Lamune or Ramune Soda?
This entry was posted on May 14, 2010.
Summer is just around the corner and Asian Food Grocer has just what you need to quench your thirst, Japanese Ramune Soda! These incredibly iconic marble topped sodas are very popular in Japan during the warm summer months. Because they were so popular over there, they essentially exploded on the scene here in America. But what is a Ramune? You may be asking yourself this question if you happen live under a rock... or in a cave. So, let us give you the 411 on these fantastically fizzy fountain drinks.
Ramune is a carbonated soft drink straight from the Land of The Rising Sun. The word "Ramune" is actually derived from the sound of the English word "Lemonade." As you may know, there is no "L" in the Japanese language. To compensate, the letter "R" is substituted in its place. Therefore Lemonade turns into Ramune! There are tons of flavors too. Here at AsianFoodGrocer.com we carry Original (it taste kind of like a bubble gummy lemon limey flavor), Strawberry, Lychee, Orange, Blueberry, Watermelon, Green Apple, Yuzu (Japanese Grapefruit), Muscat Grape, Raspberry, Pineapple, and more! We have 21 flavors in all, including our must try novelty flavor, Curry! Other novelty flavors include Beef Teriyaki, Wasabi, Octopus, and more. Another strikingly unique quality of these fabulous beverages is its oddly shaped bottle.
Known as the Codd-neck bottle, it was actually invented in Europe in the late 1800s by Hiram Codd. Around 1876, Lemonade and the Codd-necked bottled were both imported to Japan at the same time, making them linked with one another. Instead of using a cork or a bottle top, Codd-neck bottles use a glass marble and a rubber gasket as it was believed, at the time, to be able to contain high pressure carbonated drinks better than conventional methods. During the container's construction, the glass is pinched into a special shape to prevent the marble from falling deep into the bottle. This causes the marble to rattle around like a wind chime as the beverage is consumed, making the drink very well loved by children. To make sure that the marbles have a good seal, the bubbly liquid is pumped into the bottles upside down so that the weight and the pressure formed by the expanding CO2 pushes the marble tight against the seal. On the outside of the bottle there are two dimples, giving the bottle its "alien head" appearance (we think it looks more like an octopus). The two depressions in the bottle aren't just for decoration, they act as barriers to keep the marble from rolling back into the opening of the bottle, making it easier to drink from. Although there is a blockade to stop the marble, it still takes a bit of skill to drink from the ramune bottle. Shoot, it takes some skill just to open it!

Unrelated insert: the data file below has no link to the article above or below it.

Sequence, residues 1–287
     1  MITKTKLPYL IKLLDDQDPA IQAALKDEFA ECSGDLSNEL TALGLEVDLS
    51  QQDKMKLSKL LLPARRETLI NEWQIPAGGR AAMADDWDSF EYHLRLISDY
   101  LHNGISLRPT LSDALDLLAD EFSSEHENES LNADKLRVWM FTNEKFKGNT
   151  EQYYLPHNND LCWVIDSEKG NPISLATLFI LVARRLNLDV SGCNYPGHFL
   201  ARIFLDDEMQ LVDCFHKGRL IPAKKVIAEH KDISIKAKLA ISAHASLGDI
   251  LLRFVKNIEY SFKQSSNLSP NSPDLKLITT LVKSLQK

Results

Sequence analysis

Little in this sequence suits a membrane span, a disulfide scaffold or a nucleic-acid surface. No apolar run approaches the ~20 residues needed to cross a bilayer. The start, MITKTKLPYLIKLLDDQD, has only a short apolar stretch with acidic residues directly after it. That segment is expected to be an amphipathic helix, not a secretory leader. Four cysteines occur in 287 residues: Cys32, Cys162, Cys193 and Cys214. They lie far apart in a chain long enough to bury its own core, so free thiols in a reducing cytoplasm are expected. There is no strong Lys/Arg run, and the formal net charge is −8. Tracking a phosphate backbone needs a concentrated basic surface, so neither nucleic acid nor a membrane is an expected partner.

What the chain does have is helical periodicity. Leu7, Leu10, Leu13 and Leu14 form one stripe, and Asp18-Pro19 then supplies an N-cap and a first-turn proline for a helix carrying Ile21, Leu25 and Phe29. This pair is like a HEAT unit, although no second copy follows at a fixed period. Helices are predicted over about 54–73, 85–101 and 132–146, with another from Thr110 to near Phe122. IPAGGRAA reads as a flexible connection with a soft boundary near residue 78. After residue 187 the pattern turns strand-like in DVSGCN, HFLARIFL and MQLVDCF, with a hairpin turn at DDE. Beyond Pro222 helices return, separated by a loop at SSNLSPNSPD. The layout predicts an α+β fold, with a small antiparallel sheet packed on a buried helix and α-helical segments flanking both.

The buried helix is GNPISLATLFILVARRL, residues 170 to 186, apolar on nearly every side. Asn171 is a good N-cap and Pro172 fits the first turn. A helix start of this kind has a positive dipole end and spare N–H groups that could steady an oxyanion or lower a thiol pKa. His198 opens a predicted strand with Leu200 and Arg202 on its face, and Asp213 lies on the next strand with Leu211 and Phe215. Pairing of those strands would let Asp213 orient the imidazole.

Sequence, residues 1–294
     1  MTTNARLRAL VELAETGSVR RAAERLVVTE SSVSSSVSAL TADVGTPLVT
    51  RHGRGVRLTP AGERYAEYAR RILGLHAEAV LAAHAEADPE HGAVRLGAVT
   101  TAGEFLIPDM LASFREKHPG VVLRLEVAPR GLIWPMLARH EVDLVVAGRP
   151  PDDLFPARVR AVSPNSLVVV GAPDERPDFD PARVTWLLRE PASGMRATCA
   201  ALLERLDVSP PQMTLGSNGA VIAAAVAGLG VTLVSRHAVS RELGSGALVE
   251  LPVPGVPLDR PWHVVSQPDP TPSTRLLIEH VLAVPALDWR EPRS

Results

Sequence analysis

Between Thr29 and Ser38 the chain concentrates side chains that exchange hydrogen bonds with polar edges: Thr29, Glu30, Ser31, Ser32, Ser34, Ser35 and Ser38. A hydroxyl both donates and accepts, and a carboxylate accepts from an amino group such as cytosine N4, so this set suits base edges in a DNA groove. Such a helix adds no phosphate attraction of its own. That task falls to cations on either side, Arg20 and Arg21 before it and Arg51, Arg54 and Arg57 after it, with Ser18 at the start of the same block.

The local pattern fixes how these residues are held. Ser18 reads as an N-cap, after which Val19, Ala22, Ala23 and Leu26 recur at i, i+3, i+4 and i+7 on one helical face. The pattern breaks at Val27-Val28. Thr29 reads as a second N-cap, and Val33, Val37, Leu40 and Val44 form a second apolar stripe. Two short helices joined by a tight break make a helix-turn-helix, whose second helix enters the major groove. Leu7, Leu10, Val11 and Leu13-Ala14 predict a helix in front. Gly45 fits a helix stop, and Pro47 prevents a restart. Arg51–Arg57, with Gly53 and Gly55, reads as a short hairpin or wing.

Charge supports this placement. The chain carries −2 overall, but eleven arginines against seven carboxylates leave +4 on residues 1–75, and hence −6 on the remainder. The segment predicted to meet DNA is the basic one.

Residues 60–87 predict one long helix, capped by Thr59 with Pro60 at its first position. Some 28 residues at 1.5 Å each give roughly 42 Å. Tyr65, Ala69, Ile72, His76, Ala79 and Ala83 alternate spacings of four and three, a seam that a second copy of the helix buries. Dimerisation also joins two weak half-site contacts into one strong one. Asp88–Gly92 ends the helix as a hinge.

It can be a little tricky to open a Ramune Soda. What you want to do is remove the white plastic wrapper from around the top of the bottle. Important: DO NOT THROW AWAY THE GREEN PLASTIC CIRCLE! Or else you will have a very hard time opening the bottle. Punch out the plastic plunger from the perforated ring it's attached to, place it in the hole in the thick plastic mouthpiece, and use it to push the marble down into the bottle with gentle yet firm pressure. As soon as you hear the pop sound of the soda opening, remove your hand quickly. If you're not used to opening Ramune, make sure you've got a towel handy because your Ramune may fuzz out of the bottle. Drink chilled, and enjoy!